Rajeev Masand – movies that matter : from bollywood, hollywood and everywhere else

April 24, 2015

Kangana Ranaut: “Lots of people called and congratulated me. Deepika didn’t…”

Filed under: Video Vault — Rajeev @ 8:50 pm

In this interview with Rajeev Masand, Kangana Ranaut reveals how she feels about winning her second National Award, about the sudden change in the way the industry and other actresses perceive her, about friendship in the movie business, and about carrying around the pressure of high expectations.

(This interview first aired on CNN-IBN on April 24, 2014)

Up, close and personal with The Avengers!

Filed under: Video Vault — Rajeev @ 8:45 pm

In these interviews with Rajeev Masand, the stars of Avengers: Age of Ultron discuss their new film, the sequel to 2012’s Marvel blockbuster. Scarlett Johansson, Mark Ruffalo, Chris Evans, Chris Hemsworth, Elizabeth Olsen, Aaron Taylor-Johnson, Jeremy Renner, Cobie Smulders, James Spader, Paul Bettany and director Joss Whedon get candid and reveal why they’re excited for the new film.

(These interviews first aired on CNN-IBN)

All sound and fury

Filed under: Their Films — Rajeev @ 8:33 pm

April 24, 2015

Cast: Robert Downey Jr, Mark Ruffalo, Scarlett Johansson, Chris Evans, Chris Hemsworth, Jeremy Renner, Cobie Smulders, Samuel L Jackson, Paul Bettany, Elizabeth Olsen, Aaron Taylor-Johnson, James Spader

Director: Joss Whedon

It was never going to be easy to top the last film, so perhaps we shouldn’t be too surprised that Avengers: Age of Ultron is something of a letdown. In 2012’s The Avengers, Joss Whedon, writer and director, and lifelong fan of Marvel comics, shrewdly delivered a film that threw as many one-liners as punches. He basically follows the same blueprint for this sequel, but Age of Ultron feels surprisingly generic. The novelty of watching these larger-than-life superheroes with clashing personalities and egos trying to work as a team is wearing off now. And I don’t know about you, but I’m getting tired of every other action movie trying to compete with the Transformers films for longest climax ever.

This time the Avengers are pitted against Ultron, an artificial intelligence peacekeeping force, ironically created by Tony Stark aka Iron Man to protect the world. As invariably tends to happen in these scenarios, the sentient invention goes rogue and turns on his creator, becoming convinced that the only path to peace involves the elimination of the Avengers.

Expectedly this is a bigger, louder, and more action-packed sequel. There are more jokes and more set pieces. The stakes are certainly higher, but there’s very little tension. Entire cities are reduced to rubble, but you hardly care. It’s action without consequence, much like Man of Steel, which is a real shame. The one time I felt especially invested in the action was when Iron Man (Robert Downey Jr) went up against the Hulk (Mark Ruffalo), in a terrific sequence that finally reveals the Hulkbuster suit that Tony Stark has been building to protect himself for when the big green guy flips out and can’t be controlled.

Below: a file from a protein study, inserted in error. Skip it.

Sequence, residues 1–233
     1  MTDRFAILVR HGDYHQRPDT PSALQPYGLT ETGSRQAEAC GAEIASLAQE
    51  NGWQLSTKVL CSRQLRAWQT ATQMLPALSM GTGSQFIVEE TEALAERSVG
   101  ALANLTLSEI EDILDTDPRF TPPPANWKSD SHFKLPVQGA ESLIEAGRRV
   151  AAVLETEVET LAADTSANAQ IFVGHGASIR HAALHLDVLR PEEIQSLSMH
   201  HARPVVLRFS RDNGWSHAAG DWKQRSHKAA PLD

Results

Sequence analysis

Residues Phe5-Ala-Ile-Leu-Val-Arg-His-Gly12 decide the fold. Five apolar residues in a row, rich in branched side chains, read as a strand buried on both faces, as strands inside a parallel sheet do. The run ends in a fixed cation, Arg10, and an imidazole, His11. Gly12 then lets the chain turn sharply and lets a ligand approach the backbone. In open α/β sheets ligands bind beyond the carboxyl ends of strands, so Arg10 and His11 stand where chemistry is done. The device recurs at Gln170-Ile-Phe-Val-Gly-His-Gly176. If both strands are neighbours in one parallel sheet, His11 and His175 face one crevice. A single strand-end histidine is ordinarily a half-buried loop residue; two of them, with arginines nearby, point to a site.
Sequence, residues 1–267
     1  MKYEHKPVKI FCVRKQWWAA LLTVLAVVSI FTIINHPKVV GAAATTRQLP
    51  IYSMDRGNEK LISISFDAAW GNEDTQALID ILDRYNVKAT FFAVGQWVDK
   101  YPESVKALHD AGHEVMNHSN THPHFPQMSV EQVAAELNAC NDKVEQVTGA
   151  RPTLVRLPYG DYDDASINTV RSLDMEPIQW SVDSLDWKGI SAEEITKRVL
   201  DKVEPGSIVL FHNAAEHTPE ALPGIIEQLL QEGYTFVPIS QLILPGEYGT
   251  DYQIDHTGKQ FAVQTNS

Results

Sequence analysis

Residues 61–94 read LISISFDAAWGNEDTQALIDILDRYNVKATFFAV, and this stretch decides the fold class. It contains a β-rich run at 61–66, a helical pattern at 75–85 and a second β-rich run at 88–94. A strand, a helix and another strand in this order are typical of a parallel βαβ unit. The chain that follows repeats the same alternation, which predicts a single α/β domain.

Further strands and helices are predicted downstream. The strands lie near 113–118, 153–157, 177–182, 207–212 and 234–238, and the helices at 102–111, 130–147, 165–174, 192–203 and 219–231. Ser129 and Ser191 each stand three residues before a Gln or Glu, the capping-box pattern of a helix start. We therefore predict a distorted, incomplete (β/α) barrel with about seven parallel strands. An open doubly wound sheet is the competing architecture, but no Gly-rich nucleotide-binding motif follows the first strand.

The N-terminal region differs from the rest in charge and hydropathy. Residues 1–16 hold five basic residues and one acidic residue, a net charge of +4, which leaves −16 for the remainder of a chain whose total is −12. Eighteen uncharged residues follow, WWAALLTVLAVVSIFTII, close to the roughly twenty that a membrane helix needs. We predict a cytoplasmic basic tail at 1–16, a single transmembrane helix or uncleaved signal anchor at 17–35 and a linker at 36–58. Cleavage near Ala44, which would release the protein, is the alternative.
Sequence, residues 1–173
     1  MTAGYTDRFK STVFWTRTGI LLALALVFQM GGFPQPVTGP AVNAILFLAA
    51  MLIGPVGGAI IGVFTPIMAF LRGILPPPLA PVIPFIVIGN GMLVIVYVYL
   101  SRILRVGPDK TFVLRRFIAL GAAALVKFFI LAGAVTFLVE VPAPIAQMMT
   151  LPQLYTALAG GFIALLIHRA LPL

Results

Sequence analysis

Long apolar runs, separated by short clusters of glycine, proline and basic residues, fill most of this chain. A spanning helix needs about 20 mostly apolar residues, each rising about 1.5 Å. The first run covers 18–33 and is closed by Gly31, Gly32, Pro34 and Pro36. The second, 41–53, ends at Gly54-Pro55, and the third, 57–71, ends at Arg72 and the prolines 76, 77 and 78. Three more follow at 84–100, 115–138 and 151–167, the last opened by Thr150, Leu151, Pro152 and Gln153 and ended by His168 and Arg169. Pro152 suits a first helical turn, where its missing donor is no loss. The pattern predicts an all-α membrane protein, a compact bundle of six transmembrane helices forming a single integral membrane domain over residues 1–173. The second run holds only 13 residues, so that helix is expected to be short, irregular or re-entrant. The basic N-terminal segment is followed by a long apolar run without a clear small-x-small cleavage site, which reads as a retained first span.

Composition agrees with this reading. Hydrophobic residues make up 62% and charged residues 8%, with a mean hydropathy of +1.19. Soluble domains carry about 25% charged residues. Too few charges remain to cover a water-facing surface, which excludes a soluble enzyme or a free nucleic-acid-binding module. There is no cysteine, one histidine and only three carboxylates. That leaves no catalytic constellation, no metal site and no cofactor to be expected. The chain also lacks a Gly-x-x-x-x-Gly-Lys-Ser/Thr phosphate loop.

Speaking of controlling the Hulk, one person certainly does make progress. As the trailers previously hinted, Whedon sets up an unexpectedly tender relationship between the Hulk and Black Widow, giving Scarlett Johansson’s character more screen-time and a chance to reveal her tragic back-story. Hawkeye (Jeremy Renner), who was practically benched through most of the last film, also gets more room to explore his human side in a subplot that frankly feels gratuitous. In that sense, Age of Ultron provides more of a level playing field to characters that haven’t had stand-alone movies yet. Old favorites Captain America, Thor and particularly Iron Man have no shortage of big, shining moments and clever one-liners. With S.H.I.E.L.D. disbanded (following the events of last year’s excellent Captain America: The Winter Soldier), it’s Cap (Chris Evans) who leads the group now, with Stark bankrolling the Avengers.

As you’re probably aware, the new film also introduces us to Pietro and Wanda Maximoff – better known as Quicksilver (Aaron Taylor Johnson) and Scarlet Witch (Elizabeth Olsen) – a set of evil-doing twins with powers of speed and magic respectively. The pair, who have a very personal bone to pick with Stark, gang up with Ultron initially to take down their common enemy, but switch over to the side of the Avengers when they become aware of Ultron’s nefarious plans to flatten out humanity. The twins are significant characters in the comic books, but in Whedon’s overcrowded sequel, only Scarlet Witch makes any impression, using her mind-manipulating skills to mess with our heroes’ heads.

As voiced by James Spader, Ultron is a snarky-mouthed villain who gets some nice verbal trade-offs with Stark. He can replicate himself and create an army of sub-Ultrons to take on our heroes, but I couldn’t help feeling he was less menacing and formidable than mischief-making Norse god Loki from the previous film.